The House of 11 Courtyards is a craft center where you can purchase traditional Purépecha art and see the artists creating beautiful pieces as devil masks, jaguars and owls, wooden boxes, clay pots, and mantles. Another excellent place to learn more about indigenous art is the Museum of Popular Arts and Industry.

If you want to try traditional Purépecha food, go to the market or stop at a street corner stand and order corunda or uchepo. Corunda is salty and served with sour cream and chili salsa while uchepo is usually sweet.

While there, check out archaeological site Las Yacatas, former capital city of Purépecha, famous for its step pyramids.

7. Capulalpam de Mendez (Zapotecs)

Where to experience Zapotec indigenous cultures in Mexico

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The Zapotec people live high up in the mountainous region of the state of Oaxaca, about 70 km from its capital Oaxaca, in the small village of Capulalpam de Mendez.

Whether you’re in perfect health or suffer from some illness, it’s worth visiting the Center for Traditional Medicine Capulalpam where traditional healers perform spiritual cleansings using different sorts of plants or temazcal. If you have specific medical problems, you can ask for a thorough check-up by a healer who will prescribe you a medicine — all natural, of course.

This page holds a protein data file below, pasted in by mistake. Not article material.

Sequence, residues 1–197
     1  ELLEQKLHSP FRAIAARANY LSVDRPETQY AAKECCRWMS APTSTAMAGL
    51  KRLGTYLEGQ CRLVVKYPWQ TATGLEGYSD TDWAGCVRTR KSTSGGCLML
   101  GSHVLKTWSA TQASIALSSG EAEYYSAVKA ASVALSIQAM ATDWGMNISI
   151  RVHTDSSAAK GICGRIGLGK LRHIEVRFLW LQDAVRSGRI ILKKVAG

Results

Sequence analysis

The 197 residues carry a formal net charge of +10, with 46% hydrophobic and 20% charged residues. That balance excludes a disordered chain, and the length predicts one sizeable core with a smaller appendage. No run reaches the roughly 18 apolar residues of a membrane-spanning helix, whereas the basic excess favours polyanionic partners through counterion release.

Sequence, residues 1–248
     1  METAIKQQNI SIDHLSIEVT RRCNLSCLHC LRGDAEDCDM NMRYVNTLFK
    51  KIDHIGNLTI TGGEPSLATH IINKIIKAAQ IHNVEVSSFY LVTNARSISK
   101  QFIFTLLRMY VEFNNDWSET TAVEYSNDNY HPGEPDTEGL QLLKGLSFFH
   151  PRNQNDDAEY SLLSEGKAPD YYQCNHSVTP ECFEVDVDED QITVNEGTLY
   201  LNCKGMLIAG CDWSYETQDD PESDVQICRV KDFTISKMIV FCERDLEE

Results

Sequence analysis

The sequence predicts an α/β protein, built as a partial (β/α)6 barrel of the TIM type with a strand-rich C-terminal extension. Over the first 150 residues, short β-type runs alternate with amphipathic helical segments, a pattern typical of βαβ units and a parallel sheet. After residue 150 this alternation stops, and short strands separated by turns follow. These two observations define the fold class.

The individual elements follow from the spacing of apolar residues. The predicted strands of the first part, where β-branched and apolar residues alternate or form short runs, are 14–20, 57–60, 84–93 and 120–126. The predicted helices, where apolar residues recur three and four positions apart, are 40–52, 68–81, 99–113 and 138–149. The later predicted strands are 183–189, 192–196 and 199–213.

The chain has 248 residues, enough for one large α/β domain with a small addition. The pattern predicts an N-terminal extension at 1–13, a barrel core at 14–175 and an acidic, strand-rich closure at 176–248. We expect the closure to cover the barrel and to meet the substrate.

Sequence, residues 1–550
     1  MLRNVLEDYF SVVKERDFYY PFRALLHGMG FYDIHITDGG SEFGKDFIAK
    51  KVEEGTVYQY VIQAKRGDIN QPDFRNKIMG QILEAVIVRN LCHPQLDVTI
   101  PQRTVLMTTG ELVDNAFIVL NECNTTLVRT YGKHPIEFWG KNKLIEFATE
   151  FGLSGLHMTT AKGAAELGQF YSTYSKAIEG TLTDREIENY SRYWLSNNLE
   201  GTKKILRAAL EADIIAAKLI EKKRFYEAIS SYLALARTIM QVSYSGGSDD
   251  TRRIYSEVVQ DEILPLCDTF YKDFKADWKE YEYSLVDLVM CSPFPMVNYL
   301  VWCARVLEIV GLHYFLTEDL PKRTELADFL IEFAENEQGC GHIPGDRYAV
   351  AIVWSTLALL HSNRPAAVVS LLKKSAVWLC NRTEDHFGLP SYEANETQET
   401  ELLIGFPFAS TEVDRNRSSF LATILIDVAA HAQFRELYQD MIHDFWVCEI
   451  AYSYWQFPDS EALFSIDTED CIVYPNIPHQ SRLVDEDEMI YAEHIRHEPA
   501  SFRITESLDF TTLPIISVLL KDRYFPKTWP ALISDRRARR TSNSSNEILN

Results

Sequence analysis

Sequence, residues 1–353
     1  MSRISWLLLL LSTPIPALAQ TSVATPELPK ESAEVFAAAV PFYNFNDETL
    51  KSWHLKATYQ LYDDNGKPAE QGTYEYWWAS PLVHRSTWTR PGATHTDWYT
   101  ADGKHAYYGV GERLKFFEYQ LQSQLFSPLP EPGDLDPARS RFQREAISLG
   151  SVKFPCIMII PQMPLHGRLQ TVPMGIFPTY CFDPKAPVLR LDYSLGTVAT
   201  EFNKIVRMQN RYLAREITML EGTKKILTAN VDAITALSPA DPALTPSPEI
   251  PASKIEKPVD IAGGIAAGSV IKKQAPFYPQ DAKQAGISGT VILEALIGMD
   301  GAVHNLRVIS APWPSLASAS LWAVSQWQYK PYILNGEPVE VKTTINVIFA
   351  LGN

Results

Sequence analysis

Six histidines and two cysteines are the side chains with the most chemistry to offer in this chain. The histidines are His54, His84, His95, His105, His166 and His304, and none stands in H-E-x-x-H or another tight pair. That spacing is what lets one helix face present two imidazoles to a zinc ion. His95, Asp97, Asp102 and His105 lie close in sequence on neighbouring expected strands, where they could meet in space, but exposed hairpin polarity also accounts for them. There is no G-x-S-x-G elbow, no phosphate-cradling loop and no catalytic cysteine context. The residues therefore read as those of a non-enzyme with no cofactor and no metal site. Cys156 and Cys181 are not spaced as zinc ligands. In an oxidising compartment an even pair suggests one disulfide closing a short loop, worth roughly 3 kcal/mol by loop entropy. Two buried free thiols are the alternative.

When it comes to food, the local market is the best place, as usual. Try their famous mole negro or Amarillo and have a cup of pericon or Santa Maria (a flower tea), or, if you prefer something stronger, home-produced mezcal.

The women of Capulalpam are known for their weaving of colorful blankets, ponchos, huipils, blouses, and tablecloths, while men devote their time to the carving of small wooden objects. If you want to purchase some, hit the market.

8. Izamal (Mayas)

Izamal is a lively town that was built upon the ruins of the Mayan empire where practically all the colonial houses are painted in yellow and where the modern Mayas proudly exhibit their traditions.

The Cultural and Craft Center Izamal is a place that exhibits all types of handicraft, made of wood, textile, clay, metals, vegetable fibers, seeds and feather. The staff will give you a great explanation of their meaning; however, if you’d like to buy something as a souvenir, do it on the street directly from the artists.

You can’t leave this town without a typical Yucatec hammock. The most beautiful Yucatec hammocks are created in the village of Tixkokob, some 40 km west of Izamal.